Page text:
Korean Sociological Image #54: Sex & Drugs

(Source: Focus {Busan ed.}, 08.12.2010, p. 17)

As we all know, if you’re a real man, then you couldn’t care less about what painkiller to use.

But to be precise, the ad actually says dansoonhan men (단순한남자). Which usually translates as “simple” in English, but probably best would be “straightforward” in this case.

Forgive me though, for still considering myself just as smart (dokdokhae;똑똑해) as the woman in the ad. After all, I too wear glasses sometimes.

How am I supposed to choose a painkiller then? Or – heaven forbid – straightforward women for that matter?

Alas, the ad gives no clue:

Methods of choosing a painkiller – Men vs. Women

Straightforward men [choose] without thinking.

As for smart women…because it’s a liquid, its effects are fast. This is EZN6.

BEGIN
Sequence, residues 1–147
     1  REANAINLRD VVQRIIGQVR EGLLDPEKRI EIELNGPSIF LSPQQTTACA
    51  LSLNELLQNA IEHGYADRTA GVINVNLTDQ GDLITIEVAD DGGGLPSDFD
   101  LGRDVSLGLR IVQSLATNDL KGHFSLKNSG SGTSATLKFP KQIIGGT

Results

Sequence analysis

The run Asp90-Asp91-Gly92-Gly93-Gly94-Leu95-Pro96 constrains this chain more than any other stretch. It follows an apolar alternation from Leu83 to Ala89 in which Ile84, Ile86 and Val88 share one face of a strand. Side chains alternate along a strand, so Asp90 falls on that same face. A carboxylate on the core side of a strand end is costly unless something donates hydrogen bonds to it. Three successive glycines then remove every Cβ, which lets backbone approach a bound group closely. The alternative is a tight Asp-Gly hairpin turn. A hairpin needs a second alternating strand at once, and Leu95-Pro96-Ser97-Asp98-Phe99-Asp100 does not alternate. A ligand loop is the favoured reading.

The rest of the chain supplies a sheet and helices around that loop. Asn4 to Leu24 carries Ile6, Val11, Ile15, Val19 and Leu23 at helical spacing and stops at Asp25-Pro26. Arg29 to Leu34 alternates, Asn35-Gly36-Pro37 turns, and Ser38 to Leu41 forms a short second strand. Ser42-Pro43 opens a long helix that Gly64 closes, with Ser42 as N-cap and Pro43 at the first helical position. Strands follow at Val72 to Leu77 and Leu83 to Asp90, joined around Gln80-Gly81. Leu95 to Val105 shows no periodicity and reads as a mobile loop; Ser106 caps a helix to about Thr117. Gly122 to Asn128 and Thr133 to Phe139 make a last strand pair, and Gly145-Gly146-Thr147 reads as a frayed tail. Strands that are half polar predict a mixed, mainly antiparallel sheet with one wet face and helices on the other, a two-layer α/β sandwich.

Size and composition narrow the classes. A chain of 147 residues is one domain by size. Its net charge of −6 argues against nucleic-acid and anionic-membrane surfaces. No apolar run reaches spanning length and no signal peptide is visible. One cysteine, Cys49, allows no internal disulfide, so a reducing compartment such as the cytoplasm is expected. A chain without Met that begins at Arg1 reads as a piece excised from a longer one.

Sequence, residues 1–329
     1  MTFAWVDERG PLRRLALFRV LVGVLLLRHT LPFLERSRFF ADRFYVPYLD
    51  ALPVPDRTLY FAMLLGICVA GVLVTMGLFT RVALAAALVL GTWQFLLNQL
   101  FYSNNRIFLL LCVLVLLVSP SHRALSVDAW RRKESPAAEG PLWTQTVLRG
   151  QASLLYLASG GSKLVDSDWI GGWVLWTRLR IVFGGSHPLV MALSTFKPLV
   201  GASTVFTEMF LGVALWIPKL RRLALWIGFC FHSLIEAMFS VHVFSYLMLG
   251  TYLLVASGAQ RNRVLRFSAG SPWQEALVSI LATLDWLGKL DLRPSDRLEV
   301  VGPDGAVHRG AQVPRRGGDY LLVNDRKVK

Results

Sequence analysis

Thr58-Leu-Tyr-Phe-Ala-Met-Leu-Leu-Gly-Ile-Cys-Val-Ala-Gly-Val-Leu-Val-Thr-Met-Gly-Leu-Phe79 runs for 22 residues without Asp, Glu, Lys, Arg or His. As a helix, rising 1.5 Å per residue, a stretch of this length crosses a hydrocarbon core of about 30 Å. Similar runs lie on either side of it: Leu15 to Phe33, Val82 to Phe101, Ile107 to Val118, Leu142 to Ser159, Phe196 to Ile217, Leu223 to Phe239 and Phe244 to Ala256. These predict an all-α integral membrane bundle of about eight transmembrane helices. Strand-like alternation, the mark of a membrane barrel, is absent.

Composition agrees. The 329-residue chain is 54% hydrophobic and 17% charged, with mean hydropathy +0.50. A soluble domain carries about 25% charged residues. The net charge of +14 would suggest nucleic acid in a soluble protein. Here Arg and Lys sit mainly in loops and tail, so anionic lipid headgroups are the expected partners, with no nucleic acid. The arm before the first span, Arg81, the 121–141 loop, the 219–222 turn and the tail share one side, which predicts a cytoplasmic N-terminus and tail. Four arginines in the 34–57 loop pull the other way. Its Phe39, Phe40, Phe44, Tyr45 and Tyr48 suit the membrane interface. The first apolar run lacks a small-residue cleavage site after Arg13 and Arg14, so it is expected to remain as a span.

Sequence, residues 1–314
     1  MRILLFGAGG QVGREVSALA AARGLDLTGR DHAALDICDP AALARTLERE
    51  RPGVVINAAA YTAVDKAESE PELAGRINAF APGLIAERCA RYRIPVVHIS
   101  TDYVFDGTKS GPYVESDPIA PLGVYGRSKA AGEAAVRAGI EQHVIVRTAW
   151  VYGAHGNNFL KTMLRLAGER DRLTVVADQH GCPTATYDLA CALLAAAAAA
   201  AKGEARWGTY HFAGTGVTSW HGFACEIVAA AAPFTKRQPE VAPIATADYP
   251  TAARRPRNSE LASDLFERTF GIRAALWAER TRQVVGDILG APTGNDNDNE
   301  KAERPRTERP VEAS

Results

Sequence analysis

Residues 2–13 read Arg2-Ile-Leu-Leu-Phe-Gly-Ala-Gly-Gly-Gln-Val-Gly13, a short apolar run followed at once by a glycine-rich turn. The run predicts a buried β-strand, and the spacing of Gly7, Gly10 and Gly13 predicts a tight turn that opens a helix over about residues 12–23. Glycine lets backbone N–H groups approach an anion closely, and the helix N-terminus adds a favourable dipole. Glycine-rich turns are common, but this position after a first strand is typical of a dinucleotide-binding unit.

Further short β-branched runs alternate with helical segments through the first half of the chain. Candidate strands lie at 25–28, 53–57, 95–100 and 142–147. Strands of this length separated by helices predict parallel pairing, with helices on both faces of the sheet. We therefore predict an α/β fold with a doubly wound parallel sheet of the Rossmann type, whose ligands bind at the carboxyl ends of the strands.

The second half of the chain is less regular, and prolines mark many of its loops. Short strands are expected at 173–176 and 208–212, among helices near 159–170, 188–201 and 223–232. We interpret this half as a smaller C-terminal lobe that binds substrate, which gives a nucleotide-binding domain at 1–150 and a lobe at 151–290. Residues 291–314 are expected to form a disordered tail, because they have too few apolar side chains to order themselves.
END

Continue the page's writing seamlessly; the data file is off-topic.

Liquid Form…[They need to] think about if it will decrease the burden on the stomach or not

[They need to] carefully think about if it contains caffeine or not

And at the very least, it certainly doesn’t discourage the notion that looking after one’s body is really something only women should do. Unlike most products that are marketed very differently to each sex though (see here, here, here, here, and here for more Korean examples), the irony here is that there’s now a wealth of evidence to suggest that painkillers that work on one sex can be ineffective or even increase pain on the other. In the near-future, there may well be completely different painkillers developed for men and women.

And when they are, then yes: I’d wager that they’re going to be pink and blue too.

You’re in for a world of hurt Neo! (Source)

When that day arrives though, do you think Daewoong Pharmaceutical (대웅제약) will simply come up with 2 versions of the ad, each only featuring one sex? Or will ads for men continue to emphasize simplicity, but those for women stressing how they’d have even more things to consider?

My money’s on the latter…!

(For all posts in the Korean Sociological Images series, see here)